My pelvic floor works hard for me:
It makes sure blood and lymph pumps through the pelvis; it supports the organs inside the pelvis such as the bladder, uterus, rectum and then the digestive system on top of that; it is part of the core system that works hard to provide support to the back, pelvis and hips before and during movement; and it keeps urine and stool inside, so we don’t have to wear pads or diapers and lastly it plays an important role in sexual function.
The pelvic floor is amazing!
When you stop to think about what it does, I hope it gives you a sense of appreciation of the hard work these muscles do for us and inspiration to give it the attention it deserves. Taking a proactive approach to the pelvic floor really has lifelong benefits and can be protective against developing pelvic floor dysfunction. For the ladies, getting in tune with the pelvic floor prior to pregnancy or even during pregnancy can have positive effects for labour and delivery, as well as recovery. Don’t worry if you have given birth recently or 15 years ago, your pelvic floor muscles are muscles and can change at any point in your life.
We cannot control everything that happens to our pelvic floor, for example, during birth or after a surgery or a fall, etc., however, should the situation arise, having good body awareness and connection to these muscles can really help in overcoming challenging situations.
How does one get good awareness and connection to the pelvic floor?
Seeing a Pelvic Health Physiotherapist is a good place to start! Did you know that 30% of women when tested on performing a Kegel the first time performed them incorrectly? Getting proper feedback and training is key.
Taking care of pelvic floor is not just about kegels.
We live in a go, go, go society. We are often running from one activity to another. There are so many distractions and demands on us. What I tend to find a lot of is tension in the pelvic floor region. The pelvic floor needs to move through its full range of motion to be most effective and healthy. So not only is it important for us to use the muscles in exercise, but equally important is learning how to relax them and give them a break from their long shifts. If there is tension present in the pelvic floor, performing Kegels may make symptoms worse and/or even create pain. In these cases, a Pelvic Floor Physiotherapist would teach Reverse Kegels first.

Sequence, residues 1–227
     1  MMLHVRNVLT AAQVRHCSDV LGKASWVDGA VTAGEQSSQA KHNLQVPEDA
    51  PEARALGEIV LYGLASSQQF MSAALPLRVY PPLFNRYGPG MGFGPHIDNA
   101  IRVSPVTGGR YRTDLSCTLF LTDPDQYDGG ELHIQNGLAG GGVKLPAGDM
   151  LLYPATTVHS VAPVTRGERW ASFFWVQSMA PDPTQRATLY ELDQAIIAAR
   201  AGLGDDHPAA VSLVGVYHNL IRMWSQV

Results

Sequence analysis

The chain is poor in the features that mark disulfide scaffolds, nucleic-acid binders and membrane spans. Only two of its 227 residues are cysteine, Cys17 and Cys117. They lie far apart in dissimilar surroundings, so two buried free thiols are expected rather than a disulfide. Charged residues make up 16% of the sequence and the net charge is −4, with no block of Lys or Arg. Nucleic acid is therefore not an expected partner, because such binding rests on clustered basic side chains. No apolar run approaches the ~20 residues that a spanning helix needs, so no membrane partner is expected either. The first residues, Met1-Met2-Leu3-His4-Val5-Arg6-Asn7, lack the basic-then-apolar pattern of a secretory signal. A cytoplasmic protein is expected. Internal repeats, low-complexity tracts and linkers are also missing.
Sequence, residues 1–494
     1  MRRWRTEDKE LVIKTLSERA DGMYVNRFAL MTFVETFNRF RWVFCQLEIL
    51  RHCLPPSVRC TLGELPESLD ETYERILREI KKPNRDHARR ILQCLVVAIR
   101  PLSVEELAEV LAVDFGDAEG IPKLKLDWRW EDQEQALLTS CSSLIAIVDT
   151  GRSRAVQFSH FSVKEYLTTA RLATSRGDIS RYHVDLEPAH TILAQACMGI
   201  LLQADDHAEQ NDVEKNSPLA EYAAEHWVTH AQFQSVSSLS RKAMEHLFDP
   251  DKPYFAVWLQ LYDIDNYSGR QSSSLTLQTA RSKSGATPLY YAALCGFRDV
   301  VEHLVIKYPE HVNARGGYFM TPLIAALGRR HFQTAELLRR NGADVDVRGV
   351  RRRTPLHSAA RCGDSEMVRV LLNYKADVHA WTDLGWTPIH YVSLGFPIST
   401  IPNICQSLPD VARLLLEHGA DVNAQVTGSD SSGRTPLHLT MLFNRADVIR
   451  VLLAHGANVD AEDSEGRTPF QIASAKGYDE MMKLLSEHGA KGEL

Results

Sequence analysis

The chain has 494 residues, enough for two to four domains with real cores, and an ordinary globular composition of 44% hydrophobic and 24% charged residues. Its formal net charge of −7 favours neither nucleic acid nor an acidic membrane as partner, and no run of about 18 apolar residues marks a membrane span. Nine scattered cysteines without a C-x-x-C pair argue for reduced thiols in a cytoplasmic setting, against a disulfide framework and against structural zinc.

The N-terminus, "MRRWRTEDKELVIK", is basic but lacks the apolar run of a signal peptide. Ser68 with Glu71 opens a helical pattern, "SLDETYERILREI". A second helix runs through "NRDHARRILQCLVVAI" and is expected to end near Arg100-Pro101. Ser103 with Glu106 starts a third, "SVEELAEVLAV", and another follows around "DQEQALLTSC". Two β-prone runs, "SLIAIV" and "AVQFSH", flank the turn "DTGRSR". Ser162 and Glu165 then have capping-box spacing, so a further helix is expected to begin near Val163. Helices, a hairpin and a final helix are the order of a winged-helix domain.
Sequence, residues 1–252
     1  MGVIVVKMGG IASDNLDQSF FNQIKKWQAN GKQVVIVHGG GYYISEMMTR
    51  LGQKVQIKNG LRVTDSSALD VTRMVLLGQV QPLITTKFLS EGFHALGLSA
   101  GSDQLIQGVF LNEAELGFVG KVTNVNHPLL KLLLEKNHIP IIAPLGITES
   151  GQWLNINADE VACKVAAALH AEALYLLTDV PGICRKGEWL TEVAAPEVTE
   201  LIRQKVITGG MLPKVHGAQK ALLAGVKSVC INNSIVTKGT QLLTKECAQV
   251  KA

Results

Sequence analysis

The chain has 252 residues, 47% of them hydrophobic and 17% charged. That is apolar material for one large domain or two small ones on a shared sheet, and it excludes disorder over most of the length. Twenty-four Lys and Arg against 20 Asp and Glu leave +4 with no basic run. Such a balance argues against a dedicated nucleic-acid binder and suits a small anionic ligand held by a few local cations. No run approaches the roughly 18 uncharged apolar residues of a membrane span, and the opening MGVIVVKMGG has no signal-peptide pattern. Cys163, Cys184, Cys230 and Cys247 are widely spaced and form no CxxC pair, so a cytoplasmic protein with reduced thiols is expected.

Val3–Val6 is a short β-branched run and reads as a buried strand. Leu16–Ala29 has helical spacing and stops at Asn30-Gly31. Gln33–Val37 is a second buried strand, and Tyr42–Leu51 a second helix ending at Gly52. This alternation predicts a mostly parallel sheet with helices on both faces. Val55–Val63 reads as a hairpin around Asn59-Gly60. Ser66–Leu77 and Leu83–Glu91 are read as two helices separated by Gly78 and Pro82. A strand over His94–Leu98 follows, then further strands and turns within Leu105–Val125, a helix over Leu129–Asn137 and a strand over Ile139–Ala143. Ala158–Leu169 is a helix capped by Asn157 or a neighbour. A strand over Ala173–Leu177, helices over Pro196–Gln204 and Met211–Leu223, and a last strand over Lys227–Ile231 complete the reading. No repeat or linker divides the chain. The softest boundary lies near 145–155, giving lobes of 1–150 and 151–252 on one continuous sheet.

Other important considerations for optimizing pelvic floor function is posture and breathing. How we position our bodies in space impacts the ability of the pelvic floor muscles to move. In order to train these muscle initially, we need to position ourselves for success, which is something I teach my clients.
The importance of breathing - which is often overlooked:
The diaphragm muscle and the pelvic floor work together. They move up and down together and therefore need to be trained together. Why? Well these 2 muscles along with the transverse abdominis (deep tummy muscle) and multifidus (deep back muscle) make up “The Core”. So if you are doing “core” workouts and it doesn’t include the pelvic floor and breathing, then you may not be getting the full activation of the deep muscle system. This coordination of the 4 muscles becomes really important in higher impact fitness, sports and training.
I hope this article has given you a deeper appreciation for these muscles and a better understanding of the different ways they can be re-trained. Whatever your goals are, preparing for birth, overcoming symptoms of incontinence or pain, wanting to return to exercise safely, pelvic physiotherapy can help you achieve your goals.
Thank you to our guest blogger Madelaine Golec!
Madelaine will also be our guest speaker at our upcoming Mom & Baby Social on Wednesday, November 8th at 5 Elements Yoga in Brampton. This event is FREE and Moms with Babes under 1 year old are welcome!